Tucked away in quiet North Philadelphia neighborhood is the former Peter Woll & Sons factory, now the Paper Lofts. Historic tax credits – both federal and state – gave the property it’s third lease on life.
A bit of history
The Peter Woll & Sons factory was built in 1885 and looked similar to many of the other textile-industry factories that populated the city’s Kensington neighborhood: a multi-story brick building with large multi-lite windows, large entrances, and simple detailing. In the city once known as the Workshop of the World, Kensington was the center of the textile industry in the late 18th and early 19th centuries. Its factories and businesses produced not only standard textile products but also all of the satellite industries related to textile production and distribution from dye works to box manufacturers.
Peter Woll started manufacturing bristles for brushes in 1858 and after his death in 1902, his original company was officially incorporated as the Peter Woll and Sons Manufacturing Company. The Woll & Sons factory serveda niche industry that specialized in “steam curled hair and bristles, moss, fibre, hair cloth, goat hair, hog hair [and] brush supplies…” and later expanded to feathers. Curled hair is the process by which horse and cattle hair is treated and prepared for upholstery and cushioning purposes. The most frequent use was for upholstery material, as well as stuffing for mattresses, pillows and cushions for furniture, automobiles and railway cars.
In 1939, the company sold its Kensington property to the Matthias Paper Corporation. Matthias used the building through the 1950s, when it was then occupied by the Globe Paper Company for over 50 years.
On October 16, 2019, the Zoning Board of Adjustments ruled on whether to allow the historic building to be converted to residential units and on September 22, 2020, Urban Conversions announced the acquisition and rehabilitation of a once thriving manufacturing building.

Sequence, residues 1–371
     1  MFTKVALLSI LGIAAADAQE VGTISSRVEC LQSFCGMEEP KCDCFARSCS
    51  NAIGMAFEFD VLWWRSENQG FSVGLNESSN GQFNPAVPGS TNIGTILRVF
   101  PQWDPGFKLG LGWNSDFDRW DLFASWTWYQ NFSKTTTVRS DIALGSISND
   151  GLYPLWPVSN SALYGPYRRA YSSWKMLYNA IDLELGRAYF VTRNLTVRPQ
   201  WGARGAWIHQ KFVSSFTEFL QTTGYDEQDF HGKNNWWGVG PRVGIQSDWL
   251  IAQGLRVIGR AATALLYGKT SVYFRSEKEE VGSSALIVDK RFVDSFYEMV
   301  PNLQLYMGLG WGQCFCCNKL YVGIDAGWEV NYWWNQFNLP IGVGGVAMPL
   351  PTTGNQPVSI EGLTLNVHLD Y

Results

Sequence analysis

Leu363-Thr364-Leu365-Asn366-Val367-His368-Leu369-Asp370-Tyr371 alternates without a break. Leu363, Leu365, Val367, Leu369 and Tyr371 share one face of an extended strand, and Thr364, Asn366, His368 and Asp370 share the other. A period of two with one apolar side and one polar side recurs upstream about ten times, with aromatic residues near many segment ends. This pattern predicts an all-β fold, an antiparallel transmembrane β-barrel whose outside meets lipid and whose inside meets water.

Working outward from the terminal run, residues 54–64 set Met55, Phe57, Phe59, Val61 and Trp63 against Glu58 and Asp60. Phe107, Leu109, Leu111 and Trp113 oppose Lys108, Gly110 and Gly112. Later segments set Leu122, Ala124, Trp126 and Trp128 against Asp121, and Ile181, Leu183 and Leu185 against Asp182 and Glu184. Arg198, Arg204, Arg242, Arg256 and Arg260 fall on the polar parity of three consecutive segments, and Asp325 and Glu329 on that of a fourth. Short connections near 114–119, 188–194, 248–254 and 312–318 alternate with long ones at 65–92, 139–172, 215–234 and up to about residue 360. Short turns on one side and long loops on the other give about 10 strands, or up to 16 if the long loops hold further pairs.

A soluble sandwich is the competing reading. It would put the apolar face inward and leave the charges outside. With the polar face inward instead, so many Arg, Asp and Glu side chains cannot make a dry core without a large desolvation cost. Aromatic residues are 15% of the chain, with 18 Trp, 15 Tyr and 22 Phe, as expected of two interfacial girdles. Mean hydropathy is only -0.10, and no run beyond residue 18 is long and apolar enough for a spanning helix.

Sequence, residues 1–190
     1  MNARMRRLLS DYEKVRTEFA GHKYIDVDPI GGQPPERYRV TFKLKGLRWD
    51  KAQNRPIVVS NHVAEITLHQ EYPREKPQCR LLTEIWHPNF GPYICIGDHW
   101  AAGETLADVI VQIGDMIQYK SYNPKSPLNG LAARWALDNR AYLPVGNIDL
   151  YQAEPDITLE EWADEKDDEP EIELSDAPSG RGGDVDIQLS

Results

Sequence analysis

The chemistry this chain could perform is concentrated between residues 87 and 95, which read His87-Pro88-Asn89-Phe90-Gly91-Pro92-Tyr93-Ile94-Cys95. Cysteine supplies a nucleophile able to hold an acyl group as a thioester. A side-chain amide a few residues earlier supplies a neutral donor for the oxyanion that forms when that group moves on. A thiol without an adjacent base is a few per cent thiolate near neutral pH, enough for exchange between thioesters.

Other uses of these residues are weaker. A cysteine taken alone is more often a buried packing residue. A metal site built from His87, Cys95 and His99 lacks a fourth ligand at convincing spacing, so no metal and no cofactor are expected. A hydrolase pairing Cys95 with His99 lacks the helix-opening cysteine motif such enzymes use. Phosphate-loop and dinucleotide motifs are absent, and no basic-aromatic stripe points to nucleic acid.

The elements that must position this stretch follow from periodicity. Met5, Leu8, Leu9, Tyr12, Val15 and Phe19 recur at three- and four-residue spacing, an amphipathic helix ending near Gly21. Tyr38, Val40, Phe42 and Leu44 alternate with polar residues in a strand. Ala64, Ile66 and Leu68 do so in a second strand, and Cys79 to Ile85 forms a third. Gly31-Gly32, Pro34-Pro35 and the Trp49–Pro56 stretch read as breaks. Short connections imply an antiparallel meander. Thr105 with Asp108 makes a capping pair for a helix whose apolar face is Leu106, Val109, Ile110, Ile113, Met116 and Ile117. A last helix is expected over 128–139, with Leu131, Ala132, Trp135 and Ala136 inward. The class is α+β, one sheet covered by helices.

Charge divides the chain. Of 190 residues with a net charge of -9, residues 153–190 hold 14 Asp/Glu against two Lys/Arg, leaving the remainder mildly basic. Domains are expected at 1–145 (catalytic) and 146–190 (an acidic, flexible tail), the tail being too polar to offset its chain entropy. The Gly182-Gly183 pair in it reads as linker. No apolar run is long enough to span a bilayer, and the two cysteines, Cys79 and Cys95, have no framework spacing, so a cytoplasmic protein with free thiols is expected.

The property was listed in the National Register of Historic Places on August 31, 2020 under Criteria A in the area of Industry. This historical status made the rehab and reuse project a great candidate for the federal and state historic tax credit programs as a vital component in the overall financing package.
Between 2020-2021, NL Holdings, LP got underway with a $9.5 million rehabilitation project of the Peter Woll and Sons Factory. Work included:
- the retention of exterior masonry features such as historic painted signage,
- restoration/reopening of existing infilled window and door openings with new compatible units,
- replacement of doors and windows,
- retain and repair of metal fire escape balconies, and
- installation of new mechanical equipment on rooftop to allow the building to function in the modern age.
On the interior, the work focused around retain of the historic industrial character such as the exposed brick walls and wood/metal structural components with installation of new/compatible finishes and construction of new code compliant stairs and elevator.
The retention of historic exposed interior features in rehabbing industrial buildings can be challenging due to today’s temperature and sound compliance measures, but there was a great compromise between the project team’s design and meeting the Secretary of Interior’s Standards. The compromise was to leave large percentage of public spaces (like the corridors and lobbies) throughout the building and a large percentage of primary living spaces (like the living room and bedroom) within the unit exposed while using new lower ceilings were installed in secondary spaces like kitchens and bathrooms.
The project received Part 3 certification from NPS on the March 8, 2023, as the completed work met the Secretary of the Interior’s Standards for Rehabilitation. The project was also a recipient of a $200,000 PA Historic Preservation Tax Credit allocation from DCED for FY 2020-2021.
The historic Peter Woll and Sons Manufacturing building now has a new identity as a residential building, footsteps away from the very energetic revitalized Fishtown area.
Now called the Paper Factory Lofts, the once gritty bustling manufacturing building is providing homes for Philadelphians with modern comforts and historic character such as historic wood beam ceilings, exposed brick walls, and oversized windows.
The federal and state historic tax credit programs are great redevelopment tools for reviving historic buildings into a new use that will have long and very beneficial effects on the surrounding communities.